LAST NIGHT, the Flyers honored the original Broad Street Bully.
More than 33 years after playing his final game in a Flyers uniform, Dave "The Hammer" Schultz' name was lifted to the Wachovia Center rafters as the 20th inductee in the Flyers Hall of Fame.
"I left 33 years ago," Schultz told the sellout crowd, "Now I am coming back to stay."
Schultz, who thanked a multitude of Flyers greats during his remarks, set an NHL record for penalty minutes in a season with 472 during the Flyers' 1974-75 Stanley Cup championship campaign.
A video montage, highlighting some of Schultz' best battles with the NHL's bravest, showed his natural progression from youth hockey to the NHL. Known as a scorer during his junior career, Schultz said as a guest on Comcast SportsNet's "Daily News Live" that a trip to the Salem (Va.) Rebels in the Eastern Hockey League changed his career.
"It changed the way I played the game," Schultz said.
Although he finished that 1969-70 season in the EHL with 32 goals and 37 assists in 67 games, his 356 penalty minutes presented him in a different light.
"Dave Schultz helped define Philadelphia Flyers hockey," said Comcast-Spectacor chairman Ed Snider. "He played with a high level of intensity, always proudly defending the orange and black and making it difficult for our opponents. He never backed down and he fought hard every night, wearing his heart on his sleeve.
"While his temporary home was in the penalty box, we're glad that he now has a permanent home in the Philadelphia Flyers Hall of Fame."
Schultz, a native of Waldheim, Saskatchewan, took down some of the NHL's toughest; he tangled with Boston's rugged Terry O'Reilly an incredible eight times in his career.
Still, Schultz could add a clutch goal when needed, like the series-clincher he scored to help the Flyers sweep the Atlanta Flames in the 1974 playoffs. That season, 1973-74, was his best statistically - he finished with 20 goals.
Last night, he wasn't remembered for his goals. He was honored for helping brand a franchise. As the banner emblazoned with his name was being raised, a teary-eyed Schultz stood where he spent the bulk of his time: in the penalty box.
Once, after he pounded Chicago heavyweight Keith Magnuson, the Blackhawk told reporters that he had "no idea who" Schultz was.
It was a beating Magnuson would never forget. Similarly, last night was an emotional night that Schultz will never forget.
"Coach Fred Shero wrote on May 19, 1974, 'Win today and we'll walk together forever,' " Schultz recalled, referring to the day the Flyers defeated Boston to win their first Cup. "At the time, he was talking about my teammates and I. But I realize now that he was talking about all of us.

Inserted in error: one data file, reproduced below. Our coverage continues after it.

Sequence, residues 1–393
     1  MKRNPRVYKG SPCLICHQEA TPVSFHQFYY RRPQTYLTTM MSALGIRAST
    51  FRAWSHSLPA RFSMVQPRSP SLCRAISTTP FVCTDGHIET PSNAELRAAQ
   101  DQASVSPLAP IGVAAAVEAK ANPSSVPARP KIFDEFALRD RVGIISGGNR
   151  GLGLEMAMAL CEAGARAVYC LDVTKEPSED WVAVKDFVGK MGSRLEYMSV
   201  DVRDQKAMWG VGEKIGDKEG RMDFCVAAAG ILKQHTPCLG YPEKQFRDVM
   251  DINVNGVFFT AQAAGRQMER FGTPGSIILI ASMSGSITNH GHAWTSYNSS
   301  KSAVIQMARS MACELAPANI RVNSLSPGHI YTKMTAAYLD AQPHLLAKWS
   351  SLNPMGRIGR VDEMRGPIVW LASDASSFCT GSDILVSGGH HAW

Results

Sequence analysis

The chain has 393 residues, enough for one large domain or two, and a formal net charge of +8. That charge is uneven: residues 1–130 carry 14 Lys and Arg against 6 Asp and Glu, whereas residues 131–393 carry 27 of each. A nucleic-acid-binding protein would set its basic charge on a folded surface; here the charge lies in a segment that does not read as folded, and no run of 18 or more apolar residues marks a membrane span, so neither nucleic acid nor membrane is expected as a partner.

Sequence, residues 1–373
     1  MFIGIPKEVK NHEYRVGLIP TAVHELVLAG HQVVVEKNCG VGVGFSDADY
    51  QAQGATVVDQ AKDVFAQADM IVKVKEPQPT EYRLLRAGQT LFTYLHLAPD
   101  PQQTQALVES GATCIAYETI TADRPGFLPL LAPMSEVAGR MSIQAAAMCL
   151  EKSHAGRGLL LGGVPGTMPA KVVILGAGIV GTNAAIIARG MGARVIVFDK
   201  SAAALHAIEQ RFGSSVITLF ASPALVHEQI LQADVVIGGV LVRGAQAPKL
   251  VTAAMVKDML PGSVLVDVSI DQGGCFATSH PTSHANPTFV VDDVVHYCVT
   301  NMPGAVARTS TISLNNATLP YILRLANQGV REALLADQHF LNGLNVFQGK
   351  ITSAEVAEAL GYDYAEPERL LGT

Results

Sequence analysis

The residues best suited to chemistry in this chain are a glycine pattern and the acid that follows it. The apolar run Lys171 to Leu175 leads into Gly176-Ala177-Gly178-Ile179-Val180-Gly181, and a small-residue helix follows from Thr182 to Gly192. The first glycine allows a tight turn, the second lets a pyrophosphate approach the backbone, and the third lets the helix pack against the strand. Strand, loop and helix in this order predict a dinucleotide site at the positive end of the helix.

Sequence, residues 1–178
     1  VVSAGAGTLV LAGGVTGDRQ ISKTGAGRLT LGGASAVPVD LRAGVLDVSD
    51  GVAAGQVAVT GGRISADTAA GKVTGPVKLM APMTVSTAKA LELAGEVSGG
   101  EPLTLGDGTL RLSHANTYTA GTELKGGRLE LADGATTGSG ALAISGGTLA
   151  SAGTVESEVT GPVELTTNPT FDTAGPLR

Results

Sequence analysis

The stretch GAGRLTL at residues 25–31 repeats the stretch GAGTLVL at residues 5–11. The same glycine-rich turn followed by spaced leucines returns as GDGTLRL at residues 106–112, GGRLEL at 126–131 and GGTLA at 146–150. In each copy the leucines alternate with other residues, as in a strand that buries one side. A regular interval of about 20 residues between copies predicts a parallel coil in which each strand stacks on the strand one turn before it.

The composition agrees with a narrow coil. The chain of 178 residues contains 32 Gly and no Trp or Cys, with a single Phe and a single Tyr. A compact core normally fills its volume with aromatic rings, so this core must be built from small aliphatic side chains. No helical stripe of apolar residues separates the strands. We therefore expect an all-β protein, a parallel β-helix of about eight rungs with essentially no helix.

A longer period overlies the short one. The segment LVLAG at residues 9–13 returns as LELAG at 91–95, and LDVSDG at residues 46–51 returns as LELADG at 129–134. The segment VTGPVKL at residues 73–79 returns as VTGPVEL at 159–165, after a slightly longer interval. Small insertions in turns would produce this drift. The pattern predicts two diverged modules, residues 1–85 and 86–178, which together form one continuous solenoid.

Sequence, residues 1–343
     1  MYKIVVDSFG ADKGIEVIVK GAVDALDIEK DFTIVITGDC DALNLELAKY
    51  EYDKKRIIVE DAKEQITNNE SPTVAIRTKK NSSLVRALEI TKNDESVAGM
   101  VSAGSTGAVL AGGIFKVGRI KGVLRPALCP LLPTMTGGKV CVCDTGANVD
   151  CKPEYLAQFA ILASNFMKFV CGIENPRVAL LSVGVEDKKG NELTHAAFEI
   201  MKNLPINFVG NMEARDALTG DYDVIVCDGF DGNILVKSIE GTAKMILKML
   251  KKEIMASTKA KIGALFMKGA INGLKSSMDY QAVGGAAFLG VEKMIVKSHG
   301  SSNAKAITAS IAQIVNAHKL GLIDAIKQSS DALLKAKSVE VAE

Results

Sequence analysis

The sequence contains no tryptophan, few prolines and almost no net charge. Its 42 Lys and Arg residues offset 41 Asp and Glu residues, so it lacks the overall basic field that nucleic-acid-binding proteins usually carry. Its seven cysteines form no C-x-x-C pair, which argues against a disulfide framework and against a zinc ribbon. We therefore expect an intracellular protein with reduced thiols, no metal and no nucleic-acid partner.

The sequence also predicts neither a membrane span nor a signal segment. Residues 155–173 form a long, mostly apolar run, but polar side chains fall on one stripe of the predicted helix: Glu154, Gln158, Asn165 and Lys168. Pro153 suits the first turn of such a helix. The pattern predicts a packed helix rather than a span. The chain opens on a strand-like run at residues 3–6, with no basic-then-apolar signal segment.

"Thank you for this great honor. For me, this is as good as it gets."
Sticking with 'Bart'
Just last week, Oskars Bartulis was a "hedge" bet against injuries to Flyers defensemen Ryan Parent and Ole-Kristian Tollefsen. He was called up from Adirondack in case either could not play.
As it turned out, Bartulis did play, making his NHL debut last Thursday against Ottawa. Now, even with Parent and Tollefsen healthy, Bartulis is on his first NHL road trip, accompanying the Flyers to Los Angeles for tomorrow night's game against the Kings.
For now, Bartulis has bumped Danny Syvret out of the lineup and assumed the role of sixth defenseman.
"I've really been impressed because he's predictable, and I like that - you know what you are going to get," Flyers coach John Stevens said. "When he has the puck, he doesn't panic with it. He makes a good first pass. He'll hold onto it if he has to and he won't just throw it away.
"For his first two games, without having any experience, he's played very well. As a coach you feel comfortable when he's out there and that'll be important on the road."
In those first two games, Bartulis averaged almost 15:40 in ice time and blocked two shots while taking two shots on goal. Last night, Bartulis skated with Parent; he blocked four shots and was a plus-2 in 12 minutes, 27 seconds.
Winger Arron Asham played just 3:44 last night before leaving the game with a left oblique strain. He will be out 10 to 14 days, general manager Paul Holmgren said.
Asham will not accompany the team to the West Coast.
"He'll stay back and do his rehab here and continue his fitness,'' Holmgren said. "David Laliberte is coming back up.''
Laliberte has netted three points in four games with the Flyers this season. Holmgren said the Flyers will carry 13 forwards and eight defensemen on their four-game road swing that also goes to San Jose, Phoenix and Colorado.
James van Riemsdyk returned to the lineup after missing Saturday's game against Buffalo with the flu. John Stevens said it was a worse strain than what ran through the team the week before, which caused at least five players to miss practice time . . . Simon Gagne was spotted in the press box for the first time since his abdominal surgery on Nov. 3 . . . Smokin' Joe Frazier rode on the back of the Zamboni during the first intermission last night. Frazier and Bernard "The Executioner" Hopkins traded fight tales prior to the game with Dave Schultz.